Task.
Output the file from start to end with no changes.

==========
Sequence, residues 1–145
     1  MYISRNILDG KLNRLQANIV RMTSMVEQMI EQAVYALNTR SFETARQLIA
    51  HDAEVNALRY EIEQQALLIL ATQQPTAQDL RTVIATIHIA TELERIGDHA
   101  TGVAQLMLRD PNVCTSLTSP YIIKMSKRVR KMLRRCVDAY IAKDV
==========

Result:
Sequence, residues 1–145
     1  MYISRNILDG KLNRLQANIV RMTSMVEQMI EQAVYALNTR SFETARQLIA
    51  HDAEVNALRY EIEQQALLIL ATQQPTAQDL RTVIATIHIA TELERIGDHA
   101  TGVAQLMLRD PNVCTSLTSP YIIKMSKRVR KMLRRCVDAY IAKDV